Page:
Contra , released as Probotector in Europe and Oceania, is a Multidirectionally Run and Gun Shooter Arcade game released in 1987 by the Konami corporation. The player controls a commando who battles waves of enemies including humans, machines, mutants and aliens to reach his ultimate goal. Much of the games popularity came from its two-player simultaneous gameplay, which was an uncommon feature in video games at the time of Contras release. While successful in the arcades, the game became and remained widely popular and remembered when it was ported to the NES in 1988. Contra was voted #1 by gaming website as being the "Toughest Game to Beat".


The player takes control of an armed commando named Bill Rizer, or his partner Lance Bean, as they are sent to infiltrate the island headquarters of an alien army calling themselves Red Falcon and thwart their plot to invade the Earth. The backstory differs slightly between sources. The original Japanese promotional flyer for the arcade version places the game's setting specifically on the month of December 2633 A.D. and cites the movies First Blood, Commando and Alien in its blurb. The Famicom version released in Japan features an intro which fleshes out this plot. The aliens are revealed to have arrived in a meteor that fell into the fictional Galuga (or Galga) archipelago near New Zealand two years prior to the event of the game.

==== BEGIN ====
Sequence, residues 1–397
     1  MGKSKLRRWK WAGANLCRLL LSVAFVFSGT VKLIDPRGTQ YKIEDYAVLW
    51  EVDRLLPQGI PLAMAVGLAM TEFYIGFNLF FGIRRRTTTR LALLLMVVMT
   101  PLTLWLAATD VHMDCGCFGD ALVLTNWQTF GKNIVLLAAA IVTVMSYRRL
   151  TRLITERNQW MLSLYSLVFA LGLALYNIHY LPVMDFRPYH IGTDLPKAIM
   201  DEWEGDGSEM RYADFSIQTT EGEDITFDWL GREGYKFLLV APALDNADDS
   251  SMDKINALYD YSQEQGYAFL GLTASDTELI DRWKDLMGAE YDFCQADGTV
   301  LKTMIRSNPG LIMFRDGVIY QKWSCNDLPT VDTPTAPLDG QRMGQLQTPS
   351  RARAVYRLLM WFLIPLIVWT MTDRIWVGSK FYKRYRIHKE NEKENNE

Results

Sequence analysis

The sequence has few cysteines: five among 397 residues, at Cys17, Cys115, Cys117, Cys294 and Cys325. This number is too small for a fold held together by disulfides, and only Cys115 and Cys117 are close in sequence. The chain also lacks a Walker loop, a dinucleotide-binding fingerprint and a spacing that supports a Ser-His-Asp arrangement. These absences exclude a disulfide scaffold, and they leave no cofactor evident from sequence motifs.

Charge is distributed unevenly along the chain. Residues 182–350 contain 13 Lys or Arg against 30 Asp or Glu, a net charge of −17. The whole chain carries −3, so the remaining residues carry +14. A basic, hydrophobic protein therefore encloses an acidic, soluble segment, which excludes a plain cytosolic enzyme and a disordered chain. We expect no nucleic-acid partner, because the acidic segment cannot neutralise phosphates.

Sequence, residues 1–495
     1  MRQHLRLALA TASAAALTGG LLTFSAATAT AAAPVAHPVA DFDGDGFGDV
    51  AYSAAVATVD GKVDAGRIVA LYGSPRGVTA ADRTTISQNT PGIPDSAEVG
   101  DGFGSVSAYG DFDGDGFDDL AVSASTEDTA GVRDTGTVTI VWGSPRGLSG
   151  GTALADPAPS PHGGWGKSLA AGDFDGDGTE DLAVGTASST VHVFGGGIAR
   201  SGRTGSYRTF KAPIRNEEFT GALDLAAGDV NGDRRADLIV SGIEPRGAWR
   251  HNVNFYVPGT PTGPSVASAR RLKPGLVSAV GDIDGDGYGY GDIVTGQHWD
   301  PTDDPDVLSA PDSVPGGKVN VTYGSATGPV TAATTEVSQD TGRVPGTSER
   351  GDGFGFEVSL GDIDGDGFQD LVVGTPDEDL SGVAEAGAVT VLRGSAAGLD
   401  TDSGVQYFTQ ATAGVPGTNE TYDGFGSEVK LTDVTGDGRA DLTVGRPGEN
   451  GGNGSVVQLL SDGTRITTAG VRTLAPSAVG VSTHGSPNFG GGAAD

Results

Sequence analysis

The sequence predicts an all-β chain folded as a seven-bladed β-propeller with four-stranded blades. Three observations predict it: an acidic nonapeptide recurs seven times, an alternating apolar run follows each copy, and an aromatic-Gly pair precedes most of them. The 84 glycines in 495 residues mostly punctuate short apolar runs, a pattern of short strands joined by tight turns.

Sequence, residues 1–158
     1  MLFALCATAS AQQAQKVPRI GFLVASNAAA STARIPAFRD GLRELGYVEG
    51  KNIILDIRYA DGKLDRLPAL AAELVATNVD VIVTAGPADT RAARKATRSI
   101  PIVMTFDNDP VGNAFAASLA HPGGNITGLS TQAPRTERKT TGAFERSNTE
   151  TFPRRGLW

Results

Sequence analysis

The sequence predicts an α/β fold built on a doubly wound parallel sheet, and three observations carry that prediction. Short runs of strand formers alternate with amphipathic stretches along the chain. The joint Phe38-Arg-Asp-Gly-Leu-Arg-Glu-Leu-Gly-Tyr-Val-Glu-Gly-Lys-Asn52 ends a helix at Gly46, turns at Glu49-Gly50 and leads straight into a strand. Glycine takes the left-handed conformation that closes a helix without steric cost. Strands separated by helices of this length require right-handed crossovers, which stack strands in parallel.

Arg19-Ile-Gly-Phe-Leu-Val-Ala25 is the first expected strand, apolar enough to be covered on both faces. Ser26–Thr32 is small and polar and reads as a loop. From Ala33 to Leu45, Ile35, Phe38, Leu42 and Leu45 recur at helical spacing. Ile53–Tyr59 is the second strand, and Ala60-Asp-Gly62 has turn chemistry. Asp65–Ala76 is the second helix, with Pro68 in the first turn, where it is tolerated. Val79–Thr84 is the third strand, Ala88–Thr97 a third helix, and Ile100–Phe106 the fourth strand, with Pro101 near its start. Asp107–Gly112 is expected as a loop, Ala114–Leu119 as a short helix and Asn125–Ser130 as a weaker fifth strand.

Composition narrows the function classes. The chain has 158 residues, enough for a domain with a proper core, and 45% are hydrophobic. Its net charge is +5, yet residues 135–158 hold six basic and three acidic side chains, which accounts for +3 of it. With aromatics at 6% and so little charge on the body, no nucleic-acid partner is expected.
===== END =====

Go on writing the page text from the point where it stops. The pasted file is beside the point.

When the NES version of the game was released in North America, the opening intro was removed and the game's manual changes numerous details. The game's setting is moved from a fictional Oceanian island in the distant future to an unspecified region of Central America near the ruins of a Mayan civilization in the present day. The main characters retain their given names, but are now referred by the codenames of "Mad Dog" and "Scorpion". The name "Red Falcon" also became the name of the alien entity Bill and Lance fought, rather than the name of the terrorist organization itself. The meteor is stated to have arrived fifty years earlier as well. This discrepancy with the game's setting between Japanese and American sources would cause the subsequent Contra games to follow a different continuity in each region. It wasn't until the English localization of Contra: Shattered Soldier that the series would follow the original Japanese continuity in North America.